6.5 Suspensions

The suspension of a type A is the universalPlanetmathPlanetmathPlanetmath way of making the points of A into paths (and hence the paths in A into 2-paths, and so on). It is a type Σ⁒A defined by the following generatorsPlanetmathPlanetmath:11There is an unfortunate clash of notation with dependent pair types, which of course are also written with a Σ. However, context usually disambiguates.

  • β€’

    a point 𝖭:Σ⁒A,

  • β€’

    a point 𝖲:Σ⁒A, and

  • β€’

    a function 𝗆𝖾𝗋𝗂𝖽:Aβ†’(𝖭=Σ⁒A𝖲).

The names are intended to suggest a β€œglobe” of sorts, with a north pole, a south pole, and an A’s worth of meridians from one to the other. Indeed, as we will see, if A=π•Š1, then its suspension is equivalentMathworldPlanetmathPlanetmathPlanetmathPlanetmathPlanetmath to the surface of an ordinary sphere, π•Š2.

The recursion principle for Σ⁒A says that given a type B together with

  • β€’

    points n,s:B and

  • β€’

    a function m:A→(n=s),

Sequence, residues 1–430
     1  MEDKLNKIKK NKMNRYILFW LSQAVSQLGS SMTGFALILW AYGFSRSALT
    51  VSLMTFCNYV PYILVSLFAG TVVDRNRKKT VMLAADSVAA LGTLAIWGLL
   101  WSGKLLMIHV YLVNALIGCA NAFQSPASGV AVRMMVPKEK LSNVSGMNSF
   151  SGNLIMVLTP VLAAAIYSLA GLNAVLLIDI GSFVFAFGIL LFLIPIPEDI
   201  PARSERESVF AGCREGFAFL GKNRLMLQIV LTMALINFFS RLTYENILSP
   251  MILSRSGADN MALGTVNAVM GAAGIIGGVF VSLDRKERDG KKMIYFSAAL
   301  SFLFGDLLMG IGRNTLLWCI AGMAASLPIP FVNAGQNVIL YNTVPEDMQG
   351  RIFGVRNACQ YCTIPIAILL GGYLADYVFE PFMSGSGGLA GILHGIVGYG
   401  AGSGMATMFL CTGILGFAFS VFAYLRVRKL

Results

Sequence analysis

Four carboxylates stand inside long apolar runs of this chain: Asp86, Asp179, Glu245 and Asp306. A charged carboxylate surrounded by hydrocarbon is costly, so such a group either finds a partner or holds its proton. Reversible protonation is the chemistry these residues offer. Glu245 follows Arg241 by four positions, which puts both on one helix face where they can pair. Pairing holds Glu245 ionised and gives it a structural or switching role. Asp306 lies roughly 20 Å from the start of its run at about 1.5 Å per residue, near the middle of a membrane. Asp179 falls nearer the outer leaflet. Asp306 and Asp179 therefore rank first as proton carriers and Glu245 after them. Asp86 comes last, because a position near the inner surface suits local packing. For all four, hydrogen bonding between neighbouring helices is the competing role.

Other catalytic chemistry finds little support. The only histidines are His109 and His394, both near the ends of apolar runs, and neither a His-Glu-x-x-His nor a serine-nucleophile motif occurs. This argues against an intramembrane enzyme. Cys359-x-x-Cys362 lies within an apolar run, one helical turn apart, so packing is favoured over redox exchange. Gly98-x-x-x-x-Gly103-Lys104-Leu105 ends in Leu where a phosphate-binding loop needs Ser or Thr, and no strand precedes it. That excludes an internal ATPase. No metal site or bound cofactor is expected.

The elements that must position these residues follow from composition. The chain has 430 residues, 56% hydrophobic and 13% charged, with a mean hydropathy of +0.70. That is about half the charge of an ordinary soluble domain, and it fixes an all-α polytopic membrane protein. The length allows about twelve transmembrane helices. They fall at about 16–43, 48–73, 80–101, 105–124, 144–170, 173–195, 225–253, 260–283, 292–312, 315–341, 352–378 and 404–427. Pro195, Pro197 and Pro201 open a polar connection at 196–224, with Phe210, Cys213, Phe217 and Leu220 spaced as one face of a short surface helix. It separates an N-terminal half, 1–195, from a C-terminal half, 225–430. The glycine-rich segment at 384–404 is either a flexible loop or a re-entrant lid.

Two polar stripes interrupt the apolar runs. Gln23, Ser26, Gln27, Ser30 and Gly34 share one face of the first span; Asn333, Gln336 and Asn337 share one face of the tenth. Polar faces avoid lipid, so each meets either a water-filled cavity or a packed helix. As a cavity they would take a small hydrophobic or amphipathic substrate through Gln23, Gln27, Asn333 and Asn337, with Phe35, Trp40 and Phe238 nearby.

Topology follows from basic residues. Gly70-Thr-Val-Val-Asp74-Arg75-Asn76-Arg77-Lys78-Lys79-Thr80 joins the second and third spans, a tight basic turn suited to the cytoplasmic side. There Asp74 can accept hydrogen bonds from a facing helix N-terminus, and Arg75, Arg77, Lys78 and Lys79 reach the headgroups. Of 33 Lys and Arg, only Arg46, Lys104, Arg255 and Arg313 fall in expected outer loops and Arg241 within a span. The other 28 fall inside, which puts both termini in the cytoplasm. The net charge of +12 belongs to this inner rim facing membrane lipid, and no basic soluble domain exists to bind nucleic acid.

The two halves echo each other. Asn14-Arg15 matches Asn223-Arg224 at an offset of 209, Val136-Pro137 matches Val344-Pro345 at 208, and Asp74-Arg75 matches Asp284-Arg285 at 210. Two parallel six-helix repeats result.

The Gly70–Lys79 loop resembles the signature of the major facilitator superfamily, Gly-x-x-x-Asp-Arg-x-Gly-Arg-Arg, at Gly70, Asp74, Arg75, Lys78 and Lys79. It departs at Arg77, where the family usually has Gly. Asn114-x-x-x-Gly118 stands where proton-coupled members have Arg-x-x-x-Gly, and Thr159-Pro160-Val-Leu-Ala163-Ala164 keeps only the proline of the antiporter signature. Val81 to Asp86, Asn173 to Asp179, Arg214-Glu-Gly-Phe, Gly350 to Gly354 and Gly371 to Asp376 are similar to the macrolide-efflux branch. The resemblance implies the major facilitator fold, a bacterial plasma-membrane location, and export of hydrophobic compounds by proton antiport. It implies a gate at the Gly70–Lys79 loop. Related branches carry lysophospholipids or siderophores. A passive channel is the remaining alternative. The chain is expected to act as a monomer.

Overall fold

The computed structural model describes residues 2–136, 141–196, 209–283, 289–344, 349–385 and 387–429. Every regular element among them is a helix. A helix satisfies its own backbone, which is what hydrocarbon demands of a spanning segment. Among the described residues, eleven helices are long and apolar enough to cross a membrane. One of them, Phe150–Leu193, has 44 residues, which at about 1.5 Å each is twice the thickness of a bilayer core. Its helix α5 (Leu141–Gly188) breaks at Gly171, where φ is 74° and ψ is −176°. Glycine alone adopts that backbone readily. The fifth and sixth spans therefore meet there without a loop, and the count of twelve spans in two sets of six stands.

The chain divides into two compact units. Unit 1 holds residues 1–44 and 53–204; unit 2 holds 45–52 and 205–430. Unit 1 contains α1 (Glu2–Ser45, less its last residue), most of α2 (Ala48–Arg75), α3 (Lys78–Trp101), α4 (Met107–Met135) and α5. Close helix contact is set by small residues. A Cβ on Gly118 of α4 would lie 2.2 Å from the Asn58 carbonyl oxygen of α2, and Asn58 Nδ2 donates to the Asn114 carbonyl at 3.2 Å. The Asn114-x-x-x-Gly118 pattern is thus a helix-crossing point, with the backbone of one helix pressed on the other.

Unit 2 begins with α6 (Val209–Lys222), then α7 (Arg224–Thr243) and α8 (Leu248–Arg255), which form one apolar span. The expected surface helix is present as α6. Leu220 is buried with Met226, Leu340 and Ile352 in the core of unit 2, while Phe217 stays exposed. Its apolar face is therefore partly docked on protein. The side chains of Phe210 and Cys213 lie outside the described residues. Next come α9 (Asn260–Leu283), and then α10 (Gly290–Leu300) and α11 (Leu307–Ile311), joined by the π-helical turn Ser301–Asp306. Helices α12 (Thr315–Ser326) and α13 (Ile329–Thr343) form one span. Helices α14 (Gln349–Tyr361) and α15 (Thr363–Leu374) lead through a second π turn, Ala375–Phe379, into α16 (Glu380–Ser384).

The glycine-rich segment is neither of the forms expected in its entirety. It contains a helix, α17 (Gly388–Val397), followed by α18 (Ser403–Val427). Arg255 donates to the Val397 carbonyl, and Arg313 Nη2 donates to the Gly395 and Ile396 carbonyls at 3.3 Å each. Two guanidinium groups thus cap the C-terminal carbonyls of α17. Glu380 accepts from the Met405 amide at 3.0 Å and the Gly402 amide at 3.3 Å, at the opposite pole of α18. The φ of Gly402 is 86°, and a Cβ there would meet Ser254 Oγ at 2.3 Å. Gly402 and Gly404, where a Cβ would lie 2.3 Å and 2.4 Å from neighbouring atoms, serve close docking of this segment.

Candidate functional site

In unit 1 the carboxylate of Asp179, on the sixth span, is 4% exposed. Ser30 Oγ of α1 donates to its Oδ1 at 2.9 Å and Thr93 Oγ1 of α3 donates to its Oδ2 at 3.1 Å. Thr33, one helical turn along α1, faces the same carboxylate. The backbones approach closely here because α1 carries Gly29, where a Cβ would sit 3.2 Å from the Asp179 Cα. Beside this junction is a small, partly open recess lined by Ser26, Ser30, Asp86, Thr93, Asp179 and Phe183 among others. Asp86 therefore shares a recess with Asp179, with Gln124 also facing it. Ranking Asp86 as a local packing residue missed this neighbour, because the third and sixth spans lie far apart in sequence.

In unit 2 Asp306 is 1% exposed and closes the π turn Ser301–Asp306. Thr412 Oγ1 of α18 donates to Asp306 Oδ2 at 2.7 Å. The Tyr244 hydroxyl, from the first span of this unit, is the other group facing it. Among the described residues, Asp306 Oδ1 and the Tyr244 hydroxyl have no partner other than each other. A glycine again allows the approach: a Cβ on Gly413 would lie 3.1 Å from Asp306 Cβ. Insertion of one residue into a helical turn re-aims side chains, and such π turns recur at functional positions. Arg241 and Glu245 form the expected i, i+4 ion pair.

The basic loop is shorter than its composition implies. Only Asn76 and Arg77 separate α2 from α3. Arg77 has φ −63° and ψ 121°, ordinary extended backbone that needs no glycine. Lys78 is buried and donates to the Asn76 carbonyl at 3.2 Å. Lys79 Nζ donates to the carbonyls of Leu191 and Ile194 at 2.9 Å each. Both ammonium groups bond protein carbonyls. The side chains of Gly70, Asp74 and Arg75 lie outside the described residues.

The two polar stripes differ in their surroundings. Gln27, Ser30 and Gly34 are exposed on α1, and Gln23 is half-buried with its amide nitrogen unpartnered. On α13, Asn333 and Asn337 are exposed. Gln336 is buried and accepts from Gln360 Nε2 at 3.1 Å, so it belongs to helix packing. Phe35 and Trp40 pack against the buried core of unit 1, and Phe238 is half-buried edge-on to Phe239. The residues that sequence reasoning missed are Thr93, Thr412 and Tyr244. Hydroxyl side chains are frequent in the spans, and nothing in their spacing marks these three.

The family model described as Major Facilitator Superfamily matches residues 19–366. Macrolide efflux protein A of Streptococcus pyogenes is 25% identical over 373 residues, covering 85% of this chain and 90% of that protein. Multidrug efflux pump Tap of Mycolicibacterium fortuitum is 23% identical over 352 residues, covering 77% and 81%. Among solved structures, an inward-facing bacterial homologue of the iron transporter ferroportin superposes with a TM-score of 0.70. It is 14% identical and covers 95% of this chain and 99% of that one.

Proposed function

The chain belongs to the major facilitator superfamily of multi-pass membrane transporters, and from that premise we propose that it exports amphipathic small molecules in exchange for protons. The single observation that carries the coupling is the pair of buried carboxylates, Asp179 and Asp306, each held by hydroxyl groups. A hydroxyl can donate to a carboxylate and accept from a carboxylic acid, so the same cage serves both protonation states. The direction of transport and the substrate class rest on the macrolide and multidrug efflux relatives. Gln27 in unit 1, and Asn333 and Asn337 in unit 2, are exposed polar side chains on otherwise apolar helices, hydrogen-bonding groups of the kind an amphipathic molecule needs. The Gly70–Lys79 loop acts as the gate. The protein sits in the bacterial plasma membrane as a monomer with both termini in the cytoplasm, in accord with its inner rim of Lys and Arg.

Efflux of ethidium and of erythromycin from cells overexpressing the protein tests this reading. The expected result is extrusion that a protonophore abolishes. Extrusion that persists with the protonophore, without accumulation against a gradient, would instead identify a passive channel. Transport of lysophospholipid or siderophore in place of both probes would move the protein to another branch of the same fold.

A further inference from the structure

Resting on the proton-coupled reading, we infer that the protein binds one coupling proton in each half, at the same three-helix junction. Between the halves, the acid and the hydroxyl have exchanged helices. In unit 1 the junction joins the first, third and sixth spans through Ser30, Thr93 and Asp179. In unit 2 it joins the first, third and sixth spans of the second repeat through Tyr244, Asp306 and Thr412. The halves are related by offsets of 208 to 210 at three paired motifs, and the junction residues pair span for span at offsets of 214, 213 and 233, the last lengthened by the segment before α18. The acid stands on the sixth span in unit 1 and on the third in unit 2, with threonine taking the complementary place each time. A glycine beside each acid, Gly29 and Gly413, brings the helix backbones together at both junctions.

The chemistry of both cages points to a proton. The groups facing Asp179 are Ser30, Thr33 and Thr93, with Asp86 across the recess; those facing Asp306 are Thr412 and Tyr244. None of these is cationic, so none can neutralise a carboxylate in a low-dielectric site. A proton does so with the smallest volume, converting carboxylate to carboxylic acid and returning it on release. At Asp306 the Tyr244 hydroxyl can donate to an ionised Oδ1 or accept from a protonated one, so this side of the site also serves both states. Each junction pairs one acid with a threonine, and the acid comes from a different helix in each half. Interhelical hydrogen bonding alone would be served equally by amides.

we have a function f:Σ⁒Aβ†’B such that f⁒(𝖭)≑n and f⁒(𝖲)≑s, and for all a:A we have f(𝗆𝖾𝗋𝗂𝖽(a))=m(a). Similarly, the inductionMathworldPlanetmath principle says that given P:Σ⁒A→𝒰 together with

  • β€’

    a point n:P⁒(𝖭),

  • β€’

    a point s:P⁒(𝖲), and

  • β€’

    for each a:A, a path m⁒(a):n=𝗆𝖾𝗋𝗂𝖽⁒(a)Ps,

there exists a function f:∏(x:Ξ£A)P⁒(x) such that f⁒(𝖭)≑n and f⁒(𝖲)≑s and for each a:A we have 𝖺𝗉𝖽f(𝗆𝖾𝗋𝗂𝖽(a))=m(a).

Our first observation about suspension is that it gives another way to define the circle.

Lemma 6.5.1.



Define f:Ξ£β’πŸβ†’π•Š1 by recursion such that f(𝖭):β‰‘π–»π–Ίπ—Œπ–Ύ and f(𝖲):β‰‘π–»π–Ίπ—Œπ–Ύ, while f(𝗆𝖾𝗋𝗂𝖽(0𝟐)):=π—…π—ˆπ—ˆπ—‰ but f(𝗆𝖾𝗋𝗂𝖽(1𝟐)):=π—‹π–Ύπ–Ώπ—…π–»π–Ίπ—Œπ–Ύ. Define g:π•Š1β†’Ξ£β’πŸ by recursion such that g(π–»π–Ίπ—Œπ–Ύ):≑𝖭 and g(π—…π—ˆπ—ˆπ—‰):=𝗆𝖾𝗋𝗂𝖽(0𝟐)\centerdot𝗆𝖾𝗋𝗂𝖽⁒(1𝟐)-1. We now show that f and g are quasi-inverses.

First we show by induction that g⁒(f⁒(x))=x for all x:Σ⁒𝟐. If x≑𝖭, then g⁒(f⁒(𝖭))≑g⁒(π–»π–Ίπ—Œπ–Ύ)≑𝖭, so we have 𝗋𝖾𝖿𝗅𝖭:g⁒(f⁒(𝖭))=𝖭. If x≑𝖲, then g⁒(f⁒(𝖲))≑g⁒(π–»π–Ίπ—Œπ–Ύ)≑𝖭, and we choose the equality 𝗆𝖾𝗋𝗂𝖽⁒(1𝟐):g⁒(f⁒(𝖲))=𝖲. It remains to show that for any y:𝟐, these equalities are preserved as x varies along 𝗆𝖾𝗋𝗂𝖽⁒(y), which is to say that when 𝗋𝖾𝖿𝗅𝖭 is transported along 𝗆𝖾𝗋𝗂𝖽⁒(y) it yields 𝗆𝖾𝗋𝗂𝖽⁒(1𝟐). By transport in path spaces and pulled back fibrations, this means we are to show that


Of course, we may cancel 𝗋𝖾𝖿𝗅𝖭. Now by 𝟐-induction, we may assume either y≑0𝟐 or y≑1𝟐. If y≑0𝟐, then we have